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Turkey with kids

My wife and I are considering booking a trip to Turkey around Thanksgiving with our 2 kids (13,11). We've never been to Turkey before, but our kids are well travelled, having been throughout Europe and Central America.

I was wondering if someone could :

  1. Give me some ideas for an 8 day itinerary in Turkey
  2. Give me some opinions about traveling outside of Istanbul with family . e.g.( safety, rent a car?, distances, .....)
  3. Give some ideas about "must sees" that can be accomplished in a week, with out spending entire days traveling in a car or bus

Thanks in advance for you ideas!


Posted by
16883 posts

Destinations that I would cut from Rick's 13-day tour itinerary would tend to be some in the middle, even though they're all good. For instance, you can fly from Istanbul to Kayseri or Nevshehir, then pick up a car to explore Cappadocia. You could also fly from there to Izmir to visit Ephesus. See and Turkish Airlines.

Posted by
338 posts

For 8 days I suggest one of two options:
A. 4 days in Istanbul and 4 days along the western coast. The 4 days along the coast can be dictated by your interests. For example, if you like military history there are WWI battlefield sites in the northwest. If you like ancient history you could see sites north and south of Izmir (e.g. Bergama/Pergamon, Selcuck/Ephesus, sites further to the south such as Priene. If you like natural resources, you could visit Dilek, Pamukkale and some of the beaches in the southwest. Under this option you'd want to fly to Izmir or Bodrum.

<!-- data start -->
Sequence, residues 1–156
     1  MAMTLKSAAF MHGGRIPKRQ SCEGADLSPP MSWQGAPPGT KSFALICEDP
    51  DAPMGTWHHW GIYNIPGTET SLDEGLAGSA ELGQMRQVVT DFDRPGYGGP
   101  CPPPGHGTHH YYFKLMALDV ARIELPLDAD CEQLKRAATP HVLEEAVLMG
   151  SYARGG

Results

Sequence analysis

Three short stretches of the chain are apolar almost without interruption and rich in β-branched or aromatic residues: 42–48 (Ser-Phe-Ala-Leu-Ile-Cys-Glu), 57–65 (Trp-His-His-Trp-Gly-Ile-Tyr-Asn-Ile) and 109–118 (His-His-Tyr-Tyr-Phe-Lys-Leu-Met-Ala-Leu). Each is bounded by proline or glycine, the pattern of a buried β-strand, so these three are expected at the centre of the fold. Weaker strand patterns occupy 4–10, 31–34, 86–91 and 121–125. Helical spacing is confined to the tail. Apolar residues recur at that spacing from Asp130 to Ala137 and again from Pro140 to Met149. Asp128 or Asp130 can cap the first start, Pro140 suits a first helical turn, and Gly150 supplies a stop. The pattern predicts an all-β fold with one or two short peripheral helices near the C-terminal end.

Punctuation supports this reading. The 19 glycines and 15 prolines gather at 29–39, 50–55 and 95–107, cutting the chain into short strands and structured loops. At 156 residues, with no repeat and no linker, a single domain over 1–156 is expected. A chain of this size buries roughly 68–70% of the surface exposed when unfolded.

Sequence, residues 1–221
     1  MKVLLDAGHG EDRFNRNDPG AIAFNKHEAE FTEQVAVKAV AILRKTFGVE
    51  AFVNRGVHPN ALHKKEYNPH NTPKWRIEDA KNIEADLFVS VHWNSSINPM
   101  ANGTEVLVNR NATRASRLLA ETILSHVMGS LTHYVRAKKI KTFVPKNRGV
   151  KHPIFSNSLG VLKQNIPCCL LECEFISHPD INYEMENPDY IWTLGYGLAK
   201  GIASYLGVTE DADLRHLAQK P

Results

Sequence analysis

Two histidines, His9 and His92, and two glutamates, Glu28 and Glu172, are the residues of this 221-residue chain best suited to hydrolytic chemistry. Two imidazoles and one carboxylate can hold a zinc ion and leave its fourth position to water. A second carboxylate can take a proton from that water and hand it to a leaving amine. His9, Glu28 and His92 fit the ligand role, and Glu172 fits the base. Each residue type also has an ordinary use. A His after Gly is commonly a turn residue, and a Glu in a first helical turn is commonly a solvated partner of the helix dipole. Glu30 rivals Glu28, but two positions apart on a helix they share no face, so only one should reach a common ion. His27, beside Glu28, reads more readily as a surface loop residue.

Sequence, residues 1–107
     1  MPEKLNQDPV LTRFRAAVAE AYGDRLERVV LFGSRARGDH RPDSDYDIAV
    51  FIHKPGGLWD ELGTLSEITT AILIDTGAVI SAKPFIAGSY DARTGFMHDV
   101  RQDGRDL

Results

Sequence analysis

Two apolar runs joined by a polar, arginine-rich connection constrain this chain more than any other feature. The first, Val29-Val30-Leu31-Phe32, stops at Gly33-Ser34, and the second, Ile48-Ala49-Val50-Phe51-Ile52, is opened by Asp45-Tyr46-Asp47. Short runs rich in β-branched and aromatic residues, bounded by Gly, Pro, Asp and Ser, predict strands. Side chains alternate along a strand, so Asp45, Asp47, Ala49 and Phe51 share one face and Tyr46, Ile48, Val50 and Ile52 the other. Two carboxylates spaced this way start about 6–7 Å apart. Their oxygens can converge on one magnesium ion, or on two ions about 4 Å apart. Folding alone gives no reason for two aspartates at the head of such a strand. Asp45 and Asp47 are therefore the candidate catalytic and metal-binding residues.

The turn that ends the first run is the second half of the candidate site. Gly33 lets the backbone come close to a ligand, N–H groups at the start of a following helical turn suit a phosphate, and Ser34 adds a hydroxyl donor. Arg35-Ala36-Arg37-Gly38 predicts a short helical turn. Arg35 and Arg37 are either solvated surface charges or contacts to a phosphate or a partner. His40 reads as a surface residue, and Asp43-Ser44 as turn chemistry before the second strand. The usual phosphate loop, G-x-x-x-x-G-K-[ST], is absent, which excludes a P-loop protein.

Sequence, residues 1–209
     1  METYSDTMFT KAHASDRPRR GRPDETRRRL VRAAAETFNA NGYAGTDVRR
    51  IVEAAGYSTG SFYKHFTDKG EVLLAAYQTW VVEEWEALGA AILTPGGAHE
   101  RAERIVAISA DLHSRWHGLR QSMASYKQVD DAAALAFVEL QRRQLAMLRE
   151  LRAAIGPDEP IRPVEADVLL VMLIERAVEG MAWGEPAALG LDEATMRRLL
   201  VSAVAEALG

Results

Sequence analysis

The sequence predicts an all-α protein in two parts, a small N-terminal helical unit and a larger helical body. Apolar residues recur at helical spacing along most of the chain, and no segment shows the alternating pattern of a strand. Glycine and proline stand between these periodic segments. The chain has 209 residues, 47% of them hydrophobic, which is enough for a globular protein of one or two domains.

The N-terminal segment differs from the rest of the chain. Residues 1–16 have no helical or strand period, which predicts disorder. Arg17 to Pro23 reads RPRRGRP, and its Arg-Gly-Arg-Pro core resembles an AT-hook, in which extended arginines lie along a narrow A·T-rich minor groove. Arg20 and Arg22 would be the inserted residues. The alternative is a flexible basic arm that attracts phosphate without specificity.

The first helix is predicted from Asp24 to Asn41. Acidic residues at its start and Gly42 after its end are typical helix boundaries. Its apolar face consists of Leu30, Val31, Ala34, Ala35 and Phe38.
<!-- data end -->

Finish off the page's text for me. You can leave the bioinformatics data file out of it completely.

B. 4-5 days in Istanbul and 3-4 days in Cappadocia. Cappadocia is my favorite part of Turkey. It has a mix of ancient history and landscape unique in the world. There are fairly chimnies (hoodoos), rock cut churches, underground cities and some nice hiking (e.g. Ihlara Valley). Under this option you'd probably fly to Nevsehir.

I have found Turkey to be quite safe for travel. I think as long as you avoid the far southeastern part of Turkey and the area along the Syrian border (south of Gaziantep and Iskenderun) you should be OK safety-wise. If your budget allows, you'll save a tremendous amount of time flying from Istanbul to whatever area you decide to visit and renting a car. If you do rent a car, be aware that most cars are manual transmission unless you specfically reserve an automatic in advance. You should also research potential toll roads along your routes (e.g. between Izmir and Selcuk, south of Pozanti). If you want to use buses I'd get a copy of the Lonely Planet guidebook. It has good information on transportation and is also quite useful for siteseeing.

The must sees will be dictated by your interests. Most guidebooks will give you the key sites in Istanbul. Lonely Planet has pretty comprehensive coverage for the entire country. I'd be happy to share my thoughts there and for other areas once you have your itinerary roughed out a bit more.

Posted by
813 posts